« Custom Sticky Notes Using Custom Stamps | Main | Formatting a Text Box »

Why Shared Reviews?

We already had browser-based reviews from Acrobat 5.0, and then email-based reviews in Acrobat 7.0. So why do we now have Shared Reviews to deal with too?

A good question! It is an important one to consider if you are looking at standardizing on a way to conduct reviews on documents as quickly and as pain-free as possible.

If you are not familiar with Shared Reviews, then I am sorry to say this is not the blog entry to find out. But don’t stop reading! There are lots of good articles and tutorials on the subject, including a video tutorial yours truly created last year, posted on this page, and an article on this very subject here from 2006 with Randy Swineford, Acrobat Product Manager.

So why are Shared Reviews the way to go…?

  1. You do not need Acrobat 8 to be a reviewer. That reason alone could justify the cost of Acrobat 8 Professional or Acrobat 3D Version 8, as those are the software applications you need to initiate a Shared Review AND enable the document for commenting and markup in the free Adobe Reader 8. Basically, it means virtually anyone can participate in a review cycle. Note, Acrobat 8 Standard can initiate a Shared Review, but it does not have the Reader-enablement goodness.
  2. The PDF document can be distributed anyway you like. Via the web. To an email list. From a network folder. On your childs iPod. It does not matter. It is a totally flexible workflow, because all the information that Acrobat or Adobe Reader need to participate in a Shared Review is baked in to the PDF document itself (at 400 degrees fahrenheit for 35 minutes, in case you were wondering). Whether you open the PDF locally in Acrobat or Adobe Reader directly, or within Internet Explorer, Firefox Windows or Safari, you can go ahead and give your feedback.
  3. You can get feedback from people almost instantaneously. Shared Reviews work by uploading comments to a Shared Location: a network share, a WebDAV folder (such as Apple’s .mac iDisk), or a Microsoft Sharepoint Workspace. Other reviewers can see what everyone else is saying by reading those comments from the shared location. And Acrobat and Reader 8’s Tracker And Shared Reviews Welcome screen also read those comments so that they can show who has responded and how many comments have been made.
  4. You can work online or offline. Unlike browser-based reviews which required you to be online at all times to submit and view comments, Shared Reviews cache the comments you add to the document until you tell Acrobat or Reader to publish them, or they get published automatically after a certain period of time (that is set in the Preferences, by the way). If you are working offline, the comments are cached in the PDF until you are back online and ready to publish. If you are disconnected, Acrobat or Reader will know it, cache your comments, and try to reconnect to the shared location to check for and publish only the new or updated comments. And if after all that you still cannot connect to the shared location server, Acrobat or Reader 8 will ask you a) if you would like to email your comments back to the initiator who can upload them on your behalf and b) if you would like to see ways to improve your social and professional status so that you always have access to the shared location server (kidding on that last one).
  5. Comments are tagged with metadata about you as a reviewer. Nothing too revealing (“this reviewer is currently participating in his pajamas” isn’t in there), but information such as name, email, and a time and date stamp are included. This has a couple of benefits: 1) everyone can see who said what and 2) other reviewers cannot change your comments. That last one is particularly important. If you want to comment on someone else’s comment, you can just reply in the pop-up for each comment or markup. It’s like social networking chat, but with a purpose.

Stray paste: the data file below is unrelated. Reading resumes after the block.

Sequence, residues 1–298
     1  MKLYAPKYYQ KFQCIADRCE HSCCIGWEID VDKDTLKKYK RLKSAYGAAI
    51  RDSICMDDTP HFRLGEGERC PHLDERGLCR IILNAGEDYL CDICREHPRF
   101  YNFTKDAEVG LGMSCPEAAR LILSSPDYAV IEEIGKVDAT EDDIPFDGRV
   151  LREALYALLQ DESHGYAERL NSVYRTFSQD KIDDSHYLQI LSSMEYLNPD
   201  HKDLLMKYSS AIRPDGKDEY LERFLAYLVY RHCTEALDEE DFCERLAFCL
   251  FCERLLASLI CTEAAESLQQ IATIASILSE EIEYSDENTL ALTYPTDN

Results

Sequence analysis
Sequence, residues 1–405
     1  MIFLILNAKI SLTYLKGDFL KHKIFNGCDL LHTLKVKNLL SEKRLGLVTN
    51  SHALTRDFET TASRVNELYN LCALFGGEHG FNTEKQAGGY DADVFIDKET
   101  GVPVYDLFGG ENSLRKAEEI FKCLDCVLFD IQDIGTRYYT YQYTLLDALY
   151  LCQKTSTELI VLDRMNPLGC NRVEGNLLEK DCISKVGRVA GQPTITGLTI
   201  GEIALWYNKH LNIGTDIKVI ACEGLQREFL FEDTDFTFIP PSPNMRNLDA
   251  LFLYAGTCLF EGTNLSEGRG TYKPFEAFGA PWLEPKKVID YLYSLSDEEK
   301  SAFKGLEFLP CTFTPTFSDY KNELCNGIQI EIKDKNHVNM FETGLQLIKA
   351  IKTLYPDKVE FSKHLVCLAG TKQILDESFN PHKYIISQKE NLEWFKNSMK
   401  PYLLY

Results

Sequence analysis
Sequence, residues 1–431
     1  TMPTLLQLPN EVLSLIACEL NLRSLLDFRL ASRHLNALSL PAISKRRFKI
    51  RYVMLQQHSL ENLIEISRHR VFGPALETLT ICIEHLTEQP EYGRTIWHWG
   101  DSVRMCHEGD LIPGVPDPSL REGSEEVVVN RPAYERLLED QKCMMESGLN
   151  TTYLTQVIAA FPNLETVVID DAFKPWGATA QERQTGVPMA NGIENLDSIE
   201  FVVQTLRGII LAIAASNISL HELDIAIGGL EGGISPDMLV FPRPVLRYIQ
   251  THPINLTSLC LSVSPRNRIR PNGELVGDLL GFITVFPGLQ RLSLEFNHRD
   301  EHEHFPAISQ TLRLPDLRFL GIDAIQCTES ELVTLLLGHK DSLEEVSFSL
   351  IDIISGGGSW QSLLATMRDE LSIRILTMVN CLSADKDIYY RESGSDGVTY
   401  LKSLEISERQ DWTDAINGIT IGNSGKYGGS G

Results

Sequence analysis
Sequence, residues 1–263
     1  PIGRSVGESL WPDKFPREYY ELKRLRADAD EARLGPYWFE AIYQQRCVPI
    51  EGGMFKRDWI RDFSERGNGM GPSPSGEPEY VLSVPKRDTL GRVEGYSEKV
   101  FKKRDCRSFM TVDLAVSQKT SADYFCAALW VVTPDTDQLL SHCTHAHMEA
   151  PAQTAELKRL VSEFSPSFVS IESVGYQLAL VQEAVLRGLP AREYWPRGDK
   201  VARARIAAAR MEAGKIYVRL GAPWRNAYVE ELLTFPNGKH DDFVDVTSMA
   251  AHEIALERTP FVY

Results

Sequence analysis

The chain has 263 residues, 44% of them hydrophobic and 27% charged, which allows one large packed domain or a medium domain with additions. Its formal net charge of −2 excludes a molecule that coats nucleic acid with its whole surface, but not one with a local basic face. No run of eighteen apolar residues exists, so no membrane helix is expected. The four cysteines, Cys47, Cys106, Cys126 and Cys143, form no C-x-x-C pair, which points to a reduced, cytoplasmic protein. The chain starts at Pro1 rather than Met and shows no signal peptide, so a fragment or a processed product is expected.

If any one of the above reasons seem compelling to you, and if you have not tried a Shared Review in Acrobat 8, it may be time do so. It really is easy to start a Shared Review session, and even easier to participate. Grab a document you are working on right now, convert it to PDF, and send it for Shared Review using Acrobat 8 to someone you know will give you glowing-but-constructive feedback, no matter how bad your writing skills are. Have fun!


    Any reviewer can copy and paste the stamps or comments from any other reviewer. I can’t find any way to disable this capability, which allows folks to falsely add someone else’s “approved” stamp to other documents.

    [ALI’S REPLY: It is true that reviewers can copy and paste comments and the text within them. However, with Shared Reviews, that newly pasted annotation will be tied to the person with the name and email address they used to join the Shared Review, along with a time and date stamp. So if you see two comments that are the same, take a look at who added at it and when, and you will have a clue as to what’s going on. Note that you cannot change or delete another’s comments. And to be honest, if your reviewers are going to lengths to try to mimic someone else’s comments, you might want to consider sending them an email-based review separately, or excluding them completely.]

    I’ve been using Acrobat for Shared Reviews for years, and I update review comments with the Set Status tool religiously, but I’ve never understood the meaning or purpose of the Migration and Review menu items. I use Review>Completed or Review>Rejected to mark comments I’ve acted on or rejected, and I use Review>Accepted for comments I act on but in a different way from what may have been suggested. I never use Canceled (how is that different from Rejected?) or any of the three Migration options. Are these documented anywhere, or is this a mystery feature only for Adobe insiders?

    [ALI’S RESPONSE: Glad to hear you have been using Shared Reviews, Jim. I will be writing an article on these flags and how they are used with the “migrate comments” command soon. But for now, there’s nothing secret about them. In fact, continue to use them as flags to help you track the status of reviewing comments from others. Stay tuned.]